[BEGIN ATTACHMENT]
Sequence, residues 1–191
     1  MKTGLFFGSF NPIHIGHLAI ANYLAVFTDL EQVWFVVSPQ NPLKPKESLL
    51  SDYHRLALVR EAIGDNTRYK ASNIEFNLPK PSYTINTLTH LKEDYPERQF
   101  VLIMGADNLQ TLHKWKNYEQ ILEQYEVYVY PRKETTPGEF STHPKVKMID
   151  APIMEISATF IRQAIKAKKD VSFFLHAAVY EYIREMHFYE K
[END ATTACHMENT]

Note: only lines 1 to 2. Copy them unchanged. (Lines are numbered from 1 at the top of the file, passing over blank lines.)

Sequence, residues 1–191
     1  MKTGLFFGSF NPIHIGHLAI ANYLAVFTDL EQVWFVVSPQ NPLKPKESLL